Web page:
"Intense and stormy "vintage" electronic music - ethereal loops or organ or keyboard effects - synalgias of the unresolved - (AKS by Jean-Marc Foussat) goaded and torn by the extreme bites of the soprano saxophonist (Guy Frank Pellerin). The feeling of duration of their improvisations (22, 19 and 25 minutes) diminishes as the spells fall in this weather of the emerging moment. A nice variety of games in the game phases means that we no longer follow the order of the music, nor its logic. We find an intangible common thread in the many suggestions she evokes. Slips, punctuations, oscillations of crazy timbres, wild wind under the ripped roof, sonic bursting of the articulations of the breath and the fingerings of the right sax, the rage of the blower, lacerated swirls of sound, the crazy and dazed voices of the speakers. The sound of the sax is sometimes processed, even tortured, by the electronic operator. Soaring whispers at the start of Night Phase, barely audible, croaking....Poem by Tristan Tzara, emerald sea by Guy - Frank, the recording is accompanied by poetic signs and this poetry is immanent in the music.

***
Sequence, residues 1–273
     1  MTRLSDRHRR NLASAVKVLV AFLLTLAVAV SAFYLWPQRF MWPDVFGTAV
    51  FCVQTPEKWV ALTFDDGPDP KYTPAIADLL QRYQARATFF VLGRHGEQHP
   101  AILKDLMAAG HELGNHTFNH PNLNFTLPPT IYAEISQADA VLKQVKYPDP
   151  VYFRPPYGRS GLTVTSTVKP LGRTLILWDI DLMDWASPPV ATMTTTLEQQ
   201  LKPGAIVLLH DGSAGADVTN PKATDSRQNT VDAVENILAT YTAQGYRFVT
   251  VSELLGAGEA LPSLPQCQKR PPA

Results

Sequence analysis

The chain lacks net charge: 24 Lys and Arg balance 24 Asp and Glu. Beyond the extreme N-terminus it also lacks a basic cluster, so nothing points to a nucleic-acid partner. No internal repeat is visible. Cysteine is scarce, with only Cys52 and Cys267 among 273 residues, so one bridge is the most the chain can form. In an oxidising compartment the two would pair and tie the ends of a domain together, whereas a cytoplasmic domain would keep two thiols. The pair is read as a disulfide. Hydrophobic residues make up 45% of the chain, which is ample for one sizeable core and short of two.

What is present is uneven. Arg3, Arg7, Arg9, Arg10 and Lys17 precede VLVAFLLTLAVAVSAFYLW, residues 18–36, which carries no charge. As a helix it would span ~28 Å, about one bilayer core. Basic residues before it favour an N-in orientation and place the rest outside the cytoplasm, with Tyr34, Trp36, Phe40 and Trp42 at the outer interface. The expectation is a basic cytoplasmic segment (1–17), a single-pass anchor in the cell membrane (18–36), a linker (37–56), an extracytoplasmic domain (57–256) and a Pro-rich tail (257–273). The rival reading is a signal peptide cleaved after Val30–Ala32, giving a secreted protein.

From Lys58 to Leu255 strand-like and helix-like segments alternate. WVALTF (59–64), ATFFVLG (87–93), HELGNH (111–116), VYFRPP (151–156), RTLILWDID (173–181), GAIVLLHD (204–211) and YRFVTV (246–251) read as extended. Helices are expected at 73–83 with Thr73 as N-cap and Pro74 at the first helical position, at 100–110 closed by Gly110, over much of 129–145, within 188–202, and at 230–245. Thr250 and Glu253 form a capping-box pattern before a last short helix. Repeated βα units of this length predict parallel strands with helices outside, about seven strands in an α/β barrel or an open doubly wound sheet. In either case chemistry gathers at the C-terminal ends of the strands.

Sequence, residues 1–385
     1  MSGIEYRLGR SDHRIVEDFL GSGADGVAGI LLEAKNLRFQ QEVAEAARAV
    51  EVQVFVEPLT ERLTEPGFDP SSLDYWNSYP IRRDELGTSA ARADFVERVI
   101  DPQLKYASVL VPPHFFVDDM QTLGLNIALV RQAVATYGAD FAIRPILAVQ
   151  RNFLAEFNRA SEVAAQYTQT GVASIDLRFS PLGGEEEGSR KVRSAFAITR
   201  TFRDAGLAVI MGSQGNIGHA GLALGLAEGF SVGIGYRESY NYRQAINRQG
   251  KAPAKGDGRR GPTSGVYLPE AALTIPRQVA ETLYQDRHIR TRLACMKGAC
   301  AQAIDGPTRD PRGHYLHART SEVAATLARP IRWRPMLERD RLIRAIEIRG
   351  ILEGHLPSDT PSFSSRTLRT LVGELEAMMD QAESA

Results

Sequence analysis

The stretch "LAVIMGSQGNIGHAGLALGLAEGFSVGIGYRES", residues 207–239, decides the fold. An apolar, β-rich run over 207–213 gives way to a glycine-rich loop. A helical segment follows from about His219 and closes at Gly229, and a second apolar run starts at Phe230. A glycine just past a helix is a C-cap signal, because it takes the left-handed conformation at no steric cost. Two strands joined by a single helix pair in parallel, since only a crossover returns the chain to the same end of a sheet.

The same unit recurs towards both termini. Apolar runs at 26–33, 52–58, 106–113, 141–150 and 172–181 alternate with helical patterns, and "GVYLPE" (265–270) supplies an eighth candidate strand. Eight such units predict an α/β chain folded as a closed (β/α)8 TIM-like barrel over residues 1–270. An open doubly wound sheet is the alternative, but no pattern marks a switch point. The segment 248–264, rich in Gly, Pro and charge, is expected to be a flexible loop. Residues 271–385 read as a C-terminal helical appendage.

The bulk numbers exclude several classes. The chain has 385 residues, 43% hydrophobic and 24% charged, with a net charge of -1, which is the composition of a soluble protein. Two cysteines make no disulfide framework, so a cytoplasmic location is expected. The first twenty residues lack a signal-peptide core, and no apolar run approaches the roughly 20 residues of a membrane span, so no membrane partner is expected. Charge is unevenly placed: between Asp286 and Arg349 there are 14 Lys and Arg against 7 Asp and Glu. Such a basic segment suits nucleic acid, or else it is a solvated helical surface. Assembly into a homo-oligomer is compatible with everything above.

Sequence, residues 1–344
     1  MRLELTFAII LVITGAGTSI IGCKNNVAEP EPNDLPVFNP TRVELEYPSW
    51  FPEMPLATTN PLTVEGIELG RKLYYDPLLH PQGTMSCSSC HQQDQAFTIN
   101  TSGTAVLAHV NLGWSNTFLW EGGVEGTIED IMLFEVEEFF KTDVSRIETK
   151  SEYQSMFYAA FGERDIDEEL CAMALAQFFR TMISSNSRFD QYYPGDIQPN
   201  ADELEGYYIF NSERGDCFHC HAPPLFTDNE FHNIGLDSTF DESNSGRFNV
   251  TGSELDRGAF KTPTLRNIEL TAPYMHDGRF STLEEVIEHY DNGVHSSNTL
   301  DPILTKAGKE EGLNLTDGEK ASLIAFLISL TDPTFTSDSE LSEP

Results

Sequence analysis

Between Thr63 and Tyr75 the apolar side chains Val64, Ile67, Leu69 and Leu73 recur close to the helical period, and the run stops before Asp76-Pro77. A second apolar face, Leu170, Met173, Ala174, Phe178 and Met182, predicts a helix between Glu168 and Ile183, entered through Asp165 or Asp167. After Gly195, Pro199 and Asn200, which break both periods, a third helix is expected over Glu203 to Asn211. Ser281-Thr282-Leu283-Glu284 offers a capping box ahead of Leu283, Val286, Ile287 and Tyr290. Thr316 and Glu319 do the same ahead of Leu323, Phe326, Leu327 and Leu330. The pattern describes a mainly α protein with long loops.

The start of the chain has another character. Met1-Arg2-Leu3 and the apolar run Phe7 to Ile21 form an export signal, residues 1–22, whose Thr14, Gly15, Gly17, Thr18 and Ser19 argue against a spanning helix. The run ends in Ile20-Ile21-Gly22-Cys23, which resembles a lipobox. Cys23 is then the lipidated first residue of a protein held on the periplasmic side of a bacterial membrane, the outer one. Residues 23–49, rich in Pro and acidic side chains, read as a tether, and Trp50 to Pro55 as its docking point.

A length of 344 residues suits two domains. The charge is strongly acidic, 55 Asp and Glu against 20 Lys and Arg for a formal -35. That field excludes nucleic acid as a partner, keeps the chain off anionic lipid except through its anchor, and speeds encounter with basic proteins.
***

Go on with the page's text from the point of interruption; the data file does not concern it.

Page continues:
A purring motorcycle escapes and the haunting sound of the sax soars into infinity. We can sense the presence of a piano where two objects - toys - are moving. The blower stretches the slag from the vibrations of the air column while the electro sounds envelop themselves, overlap, stretch or contract. The piano keys tinkle and jump, stirring the heartbreaking high notes and the moving, burning notes of the tenor saxophone. The landscape is in perpetual mutation until the silence where the slow sustained notes of Guy Frank are revealed, whistlings of despair or of a morning rising by the sea. A definitive music of the indefinable. A great dialogue between very diverse bundles of intentions under the seal of rustling Zen audacity. The sensitive quality of music transcends "instrumental" performance to let our ghosts express themselves, discover ourobsessions or let the subconscious float. Do not try to understand or judge and let yourself be overwhelmed by the experience of the senses." - Jean-Michel Van Schouwburg